Florida Inventors Hall of Fame

An Update from UF Vice President for Research David Norton on May 22, 2015

Florida Inventors Hall of Fame

Congratulations to University of Florida faculty members Nan-Yao Su and Janet Yamamoto for their selection to the Florida Inventors Hall of Fame.

Dr. Su is an entomologist and the inventor of the Sentricon termite colony elimination system. Dr. Yamamoto is an immunologist who discovered the feline immunodeficiency virus and a vaccine to prevent it.

Su is the world authority on the behavioral ecology and control of subterranean termites. Subterranean termites cost U.S. consumers more than $1.5 billion annually to control, and are a primary concern for homeowners in Florida.

Su developed a monitoring/baiting procedure that enabled him to eliminate an entire colony of several million termites using less than 1 gram of insecticide. The procedure is now commercially available to the public under the tradename Sentricon and it has drastically reduced insecticide use in termite control.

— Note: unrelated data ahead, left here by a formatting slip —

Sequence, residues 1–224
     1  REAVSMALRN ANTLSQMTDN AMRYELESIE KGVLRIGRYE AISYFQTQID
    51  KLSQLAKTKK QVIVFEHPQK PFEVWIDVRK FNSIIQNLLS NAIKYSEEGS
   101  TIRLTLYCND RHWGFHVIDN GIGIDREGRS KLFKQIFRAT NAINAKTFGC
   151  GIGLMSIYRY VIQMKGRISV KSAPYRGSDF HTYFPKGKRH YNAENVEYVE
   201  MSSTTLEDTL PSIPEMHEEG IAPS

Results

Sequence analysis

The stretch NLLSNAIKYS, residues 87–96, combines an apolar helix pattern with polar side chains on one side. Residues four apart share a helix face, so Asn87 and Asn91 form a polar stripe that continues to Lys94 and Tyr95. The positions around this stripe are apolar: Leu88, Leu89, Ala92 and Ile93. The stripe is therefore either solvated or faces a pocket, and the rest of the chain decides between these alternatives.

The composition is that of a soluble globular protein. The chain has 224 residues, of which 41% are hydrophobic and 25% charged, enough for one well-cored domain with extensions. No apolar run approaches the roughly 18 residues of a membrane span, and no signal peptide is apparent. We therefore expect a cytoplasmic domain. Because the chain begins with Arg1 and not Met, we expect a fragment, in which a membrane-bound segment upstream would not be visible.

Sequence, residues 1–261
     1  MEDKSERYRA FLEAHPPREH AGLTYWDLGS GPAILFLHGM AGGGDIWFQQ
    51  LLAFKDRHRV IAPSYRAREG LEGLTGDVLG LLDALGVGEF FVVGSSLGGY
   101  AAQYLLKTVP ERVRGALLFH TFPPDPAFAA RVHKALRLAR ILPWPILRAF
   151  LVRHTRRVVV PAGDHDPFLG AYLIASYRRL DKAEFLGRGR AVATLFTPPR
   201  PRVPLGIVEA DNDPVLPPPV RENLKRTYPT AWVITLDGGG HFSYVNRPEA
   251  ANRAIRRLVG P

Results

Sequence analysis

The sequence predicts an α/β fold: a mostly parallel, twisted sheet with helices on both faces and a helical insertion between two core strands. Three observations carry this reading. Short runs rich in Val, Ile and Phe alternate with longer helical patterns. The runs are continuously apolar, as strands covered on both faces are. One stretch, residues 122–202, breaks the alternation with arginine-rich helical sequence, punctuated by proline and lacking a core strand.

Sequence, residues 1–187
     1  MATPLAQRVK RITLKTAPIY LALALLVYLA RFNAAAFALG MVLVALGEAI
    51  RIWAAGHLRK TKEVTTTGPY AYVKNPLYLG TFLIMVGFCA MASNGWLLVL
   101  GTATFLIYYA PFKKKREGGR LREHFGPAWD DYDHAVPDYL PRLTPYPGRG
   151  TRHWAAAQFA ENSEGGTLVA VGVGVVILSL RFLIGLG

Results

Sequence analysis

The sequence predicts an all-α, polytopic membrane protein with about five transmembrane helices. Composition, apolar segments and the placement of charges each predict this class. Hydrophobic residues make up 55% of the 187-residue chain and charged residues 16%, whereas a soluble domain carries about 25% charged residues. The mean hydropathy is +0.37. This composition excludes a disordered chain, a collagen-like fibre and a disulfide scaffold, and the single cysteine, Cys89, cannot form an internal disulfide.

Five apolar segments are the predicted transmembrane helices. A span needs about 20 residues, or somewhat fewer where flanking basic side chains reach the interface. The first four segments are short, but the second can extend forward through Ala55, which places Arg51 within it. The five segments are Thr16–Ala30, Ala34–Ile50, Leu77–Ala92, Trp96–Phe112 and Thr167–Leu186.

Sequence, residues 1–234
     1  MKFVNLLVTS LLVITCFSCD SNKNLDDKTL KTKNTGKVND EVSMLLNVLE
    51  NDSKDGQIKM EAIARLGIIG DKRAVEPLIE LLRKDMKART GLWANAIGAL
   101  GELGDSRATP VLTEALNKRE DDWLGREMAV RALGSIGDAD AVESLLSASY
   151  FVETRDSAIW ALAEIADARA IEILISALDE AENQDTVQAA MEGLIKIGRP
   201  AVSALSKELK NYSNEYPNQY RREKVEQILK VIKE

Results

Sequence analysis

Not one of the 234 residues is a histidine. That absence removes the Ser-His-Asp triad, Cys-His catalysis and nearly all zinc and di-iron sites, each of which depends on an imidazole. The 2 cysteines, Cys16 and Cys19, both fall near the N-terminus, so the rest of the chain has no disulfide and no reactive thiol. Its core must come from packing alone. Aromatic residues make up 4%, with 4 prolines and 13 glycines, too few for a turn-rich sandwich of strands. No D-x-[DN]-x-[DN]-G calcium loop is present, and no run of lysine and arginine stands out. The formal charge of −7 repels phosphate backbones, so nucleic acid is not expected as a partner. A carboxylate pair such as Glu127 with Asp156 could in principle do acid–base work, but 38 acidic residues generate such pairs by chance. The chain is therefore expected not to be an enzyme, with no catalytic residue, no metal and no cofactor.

This non-invasive baiting procedure is also ideal for environmentally sensitive historic sites such as the Statue of Liberty, the White House and the Alamo.

For his contribution to the development of this new technology, Su received the U.S. Secretary of Agriculture’s Honor Award for Individual Achievement in Research in 1996.

Dr. Yamamoto is a co-discoverer of the deadly feline immunodeficiency virus, or FIV, and inventor of the first FIV vaccine. Now she’s applying what she’s learned in cats to develop a vaccine for the human immunodeficiency virus, or HIV, that causes AIDS.

Yamamoto and a colleague discovered FIV in 1986, then she spent years pursuing an effective vaccine to prevent the disease. UF holds joint patents on the vaccine, which is sold as Fel-O-Vax FIV®.

Yamamoto’s research into FIV eventually led to an understanding that the virus had many similarities to HIV, and her research over the last dozen years has focused on developing an effective HIV vaccine. Her vaccine work has been funded with more than $3.4 million in grants from the National Institutes of Health since 1989.

Licensing revenues from Dr. Yamamoto’s discoveries exceed $14 million and it is a testament to her dedication that she has donated most of her personal royalty income back into her research program.

Founded in 2013, the Florida Inventors Hall of Fame recognizes and commends Florida inventors whose achievements have advanced the quality of life for Floridians, the state and the nation. More information is available at www.FloridaInvents.org

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